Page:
Lawmakers are expressing confidence that this year’s defense policy bill will include a measure requiring that the defense committees be notified within 48 hours of a sensitive military cyber operation.
The measure is intended to boost congressional oversight of the Pentagon’s sensitive cyber operations.
Reps. Elise Stefanik (R-N.Y.) and Jim Langevin (D-R.I.), who lead the House Armed Services Subcommittee on Emerging Threats and Capabilities, voiced confidence Tuesday that the provision would make the final version of the 2018 National Defense Authorization Act (NDAA).
“The Congress has an obligation to do proper oversight over Pentagon operations and all aspects of what our warfighters are doing,” Langevin said. “This is a new area that hadn’t been addressed. Clearly, modern warfare has forever changed.”
“This is good governance and part of the process as our cyber capabilities are maturing,” Stefanik said. “This would be similar to the notification Congress receives for counterterrorism efforts.”
Langevin and Stefanik along with Reps. Mac Thornberry (R-Texas) and Adam SmithDavid (Adam) Adam SmithOvernight Defense & National Security — Presented by AM General — The Quad confab The Hill's Morning Report - Presented by Alibaba - Democrats argue price before policy amid scramble House passes sweeping defense policy bill MORE (D-Wash.), the leaders of the House Armed Services Committee, have been pressing the issue since earlier this year. They introduced standalone legislation requiring the secretary of Defense to notify congressional defense committees within 48 hours of sensitive military cyber operations.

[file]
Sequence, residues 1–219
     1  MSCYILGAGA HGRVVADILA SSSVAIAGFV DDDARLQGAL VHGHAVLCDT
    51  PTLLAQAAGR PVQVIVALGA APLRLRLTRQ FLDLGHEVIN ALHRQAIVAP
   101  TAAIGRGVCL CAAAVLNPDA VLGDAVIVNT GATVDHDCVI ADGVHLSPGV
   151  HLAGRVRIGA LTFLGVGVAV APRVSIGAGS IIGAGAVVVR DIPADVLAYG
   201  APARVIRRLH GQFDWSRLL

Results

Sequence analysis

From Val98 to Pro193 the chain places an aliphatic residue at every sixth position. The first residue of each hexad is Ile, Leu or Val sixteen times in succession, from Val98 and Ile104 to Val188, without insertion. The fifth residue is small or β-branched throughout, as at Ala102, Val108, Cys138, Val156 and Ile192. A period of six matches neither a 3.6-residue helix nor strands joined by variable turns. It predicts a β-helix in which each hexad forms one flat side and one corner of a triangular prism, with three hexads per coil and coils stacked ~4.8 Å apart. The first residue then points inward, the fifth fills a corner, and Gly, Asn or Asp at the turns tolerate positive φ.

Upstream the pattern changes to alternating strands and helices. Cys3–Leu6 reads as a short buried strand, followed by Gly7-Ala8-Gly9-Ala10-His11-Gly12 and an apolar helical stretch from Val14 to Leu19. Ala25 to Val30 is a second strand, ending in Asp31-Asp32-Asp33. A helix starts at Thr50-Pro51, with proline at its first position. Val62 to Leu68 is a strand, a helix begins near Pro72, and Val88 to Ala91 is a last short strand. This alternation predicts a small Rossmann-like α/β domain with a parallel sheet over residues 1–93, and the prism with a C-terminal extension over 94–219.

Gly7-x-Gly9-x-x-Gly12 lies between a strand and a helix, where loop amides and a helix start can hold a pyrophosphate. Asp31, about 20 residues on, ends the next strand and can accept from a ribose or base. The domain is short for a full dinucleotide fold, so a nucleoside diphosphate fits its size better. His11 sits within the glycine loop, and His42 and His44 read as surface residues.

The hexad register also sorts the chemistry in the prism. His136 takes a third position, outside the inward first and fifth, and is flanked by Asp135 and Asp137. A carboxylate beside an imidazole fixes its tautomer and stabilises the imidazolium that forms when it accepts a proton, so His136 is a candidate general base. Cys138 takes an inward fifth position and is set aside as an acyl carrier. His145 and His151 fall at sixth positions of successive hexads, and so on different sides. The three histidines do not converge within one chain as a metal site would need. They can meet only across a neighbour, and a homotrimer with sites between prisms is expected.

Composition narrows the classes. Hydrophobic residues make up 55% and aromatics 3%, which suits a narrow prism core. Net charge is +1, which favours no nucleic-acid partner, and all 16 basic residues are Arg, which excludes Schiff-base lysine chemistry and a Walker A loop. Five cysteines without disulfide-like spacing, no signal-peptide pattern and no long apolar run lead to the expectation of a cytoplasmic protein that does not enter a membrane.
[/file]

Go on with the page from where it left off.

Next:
The measure will be considered on Wednesday, when the full House committee is scheduled to mark up the NDAA — a debate that often becomes heated over contentious provisions and is likely to stretch into the early hours of Thursday. The Senate began debating its own version of the bill behind closed doors this week.
The measure, which would also require the Pentagon to notify Congress of the development of offensive cyber weapons, was one of several cyber-related provisions included in the subcommittee’s mark of the NDAA released last week.
“I look forward to having this included in the final FY18 NDAA we are marking up tomorrow,” Stefanik said.
The subcommittee’s measure also includes language aimed at increasing cyber cooperation between the United States and its allies in the Indo-Asia-Pacific region, modeled after a bill introduced by Thornberry earlier this year.
The subcommittee mark also authorizes funding for a Pentagon cyber scholarship program that was phased out in 2013 due to sequestration.
Langevin underscored the need for continued focus on the Pentagon’s efforts to train, recruit and retain cyber personnel — a task that is made difficult by steep salaries offered in the private sector.
“I think the training is always going to be key, both training and recruitment, making sure we have the right personnel that are properly trained,” Langevin said. “They’re on track right now and I have confidence in that, but it’s an ongoing effort.”
Thornberry late Monday unveiled the House version of the NDAA, which would authorize more than $696 billion in defense spending for the next fiscal year — nearly $30 billion more than the number requested by President Trump.
The measure would allot $8 billion for the Pentagon’s cyber operations, including a 16 percent boost in funding for the U.S. Cyber Command that meets the Pentagon’s request for $647 million for the military unit.
It is murky where the Senate stands on the cyber notification issue, though Langevin expressed high hopes that it would enjoy broad support in the Senate as well.
“[I] would not hesitate to get on the phone with Sen. [Jack] Reed, who is my counterpart from Rhode Island, if I thought there was going to be a problem or an issue to share my perspective and encourage him to support this,” Langevin added.